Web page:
Type II & III

To collect a large group of Types I, II and III PPB patients for event-free and overall survival analysis, the PPB/DICER1 Registry is enrolling participants on the new Treatment and Biology Registry protocol

PPB/DICER1 Registry Treatment Recommendations

PPB therapy choices are the decision of each institution. The Treatment and Biology Registry presents surgery and chemotherapy guidelines. Through the Treatment and Biology Registry protocol study it is anticipated that analysis of a group of similarly treated children with PPB will advance the knowledge of effective ways to treat PPB. The secured PPB Registry Treatment and Biology Registry Information Portal provides physicians further details for treating Types I, II and III PPB, including a copy of the Registry’s treatment protocol and consent forms.

The International PPB/DICER1 Registry is not a part of, nor funded by, any cooperative oncology group, although Children’s Oncology Group Rare Tumor Sub-Committee recognizes the Registry as a major collection of PPB cases.

Type II and III PPB are aggressive sarcomas with an overall prognosis of about 45-50% (see Registry Publications: Priest et al. 1997). A prognosis difference between Types II and III PPB has not been demonstrated. The Registry recommends the same, aggressive multimodal treatment for Types II and III PPB.

The secured PPB Registry Treatment and Biology Registry Information Portal provides physicians further details for treating Types I, II, and III PPB, including a copy of the Registry’s treatment protocol and consent forms.

Surgery - Types II and III PPB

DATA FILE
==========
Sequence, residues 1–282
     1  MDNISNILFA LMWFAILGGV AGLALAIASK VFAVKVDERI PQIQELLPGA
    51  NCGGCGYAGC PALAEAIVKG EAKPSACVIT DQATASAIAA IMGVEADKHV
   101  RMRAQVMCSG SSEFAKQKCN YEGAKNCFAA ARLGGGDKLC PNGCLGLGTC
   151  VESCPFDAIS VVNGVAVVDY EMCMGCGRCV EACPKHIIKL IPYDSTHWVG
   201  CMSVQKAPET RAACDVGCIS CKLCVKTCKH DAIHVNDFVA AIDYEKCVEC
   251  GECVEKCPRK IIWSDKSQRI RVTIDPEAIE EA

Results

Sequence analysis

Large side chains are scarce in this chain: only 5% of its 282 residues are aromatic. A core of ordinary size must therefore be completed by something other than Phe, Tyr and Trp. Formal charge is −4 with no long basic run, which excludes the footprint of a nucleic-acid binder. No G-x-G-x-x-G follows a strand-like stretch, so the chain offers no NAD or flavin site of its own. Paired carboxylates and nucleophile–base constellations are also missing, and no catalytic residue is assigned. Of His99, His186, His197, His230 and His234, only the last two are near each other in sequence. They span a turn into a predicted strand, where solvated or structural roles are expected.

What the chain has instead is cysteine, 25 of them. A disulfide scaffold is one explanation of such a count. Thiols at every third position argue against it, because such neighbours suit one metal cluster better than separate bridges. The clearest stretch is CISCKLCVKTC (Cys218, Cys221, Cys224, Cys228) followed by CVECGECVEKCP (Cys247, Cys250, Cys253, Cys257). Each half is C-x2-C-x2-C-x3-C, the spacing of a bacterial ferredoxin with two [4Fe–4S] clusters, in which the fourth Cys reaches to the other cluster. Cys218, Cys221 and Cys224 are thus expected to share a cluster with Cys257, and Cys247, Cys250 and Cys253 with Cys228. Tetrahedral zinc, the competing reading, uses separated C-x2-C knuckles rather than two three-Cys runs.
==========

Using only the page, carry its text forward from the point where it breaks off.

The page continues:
This study recommends attempted initial tumor resection, if it can be accomplished. When this is not deemed possible, open biopsy is recommended. Multiple core needle biopsies may replace open biopsy. Fine-needle aspiration for cytology is not adequate.

When predominantly solid PPB is of moderate size, thoracotomy resections are recommended. Lobectomy or bilobectomy is recommended. Pre- or intra-operative rupture/spillage may occur, requiring piecemeal resection. Usually one lobe is unaffected and re-expands. Surgical margins should be sampled and marked for the pathologist. Sites of unresectable residual disease should be titanium clipped for radiographic and possible radiotherapy. Fresh tissue should be submitted to the laboratory for frozen section and for biology studies.

For very large lesions, pneumonectomy occasionally has been performed.

Neo-adjuvant and Adjuvant Chemotherapy - Types II and III PPB

Cures have been achieved with surgery and chemotherapy, with and without radiation therapy. There has never been a large prospective study of PPB therapy. It is estimated that 30-50 cases of Type I PPB and 40-60 cases of Types II and III PPB are diagnosed annually worldwide. Consultations among international pediatric sarcoma experts concluded that because of (1) the rarity of PPB, (2) regulatory complexity and (3) regulatory differences between countries, a prospective treatment study could not be organized.

Therefore, to collect a large group of Types I, II and III PPB patients for event-free and overall survival analysis, this project is organized as a “Treatment and Biology Registry” protocol for the collection of treatment data on patients for whom therapy decisions are made by each institution.

Historically, Types II and III PPB have been treated as sarcomas similar to rhabdomyosarcoma. For many years, attempted surgical extirpation was followed by various adjuvant therapies. More recently, because many PPBs are very large and because neo-adjuvant chemotherapy can reduce the volume of other tumors, PPB has been approached with biopsy, neo-adjuvant chemotherapy, extirpative surgery and further adjuvant therapies. In “biopsy-first” cases, chemotherapy may result in >90% volume reduction. Responses are seen after the first 2-4 courses of neo-adjuvant therapy and can be lost; anaplastic cells are the least responsive to chemotherapy. Surgery should be performed after 2-4 courses of neo-adjuvant therapy (unpublished IPPBR observations). No data is available to compare cure or metastasis outcomes for initial biopsy versus initial resection strategies.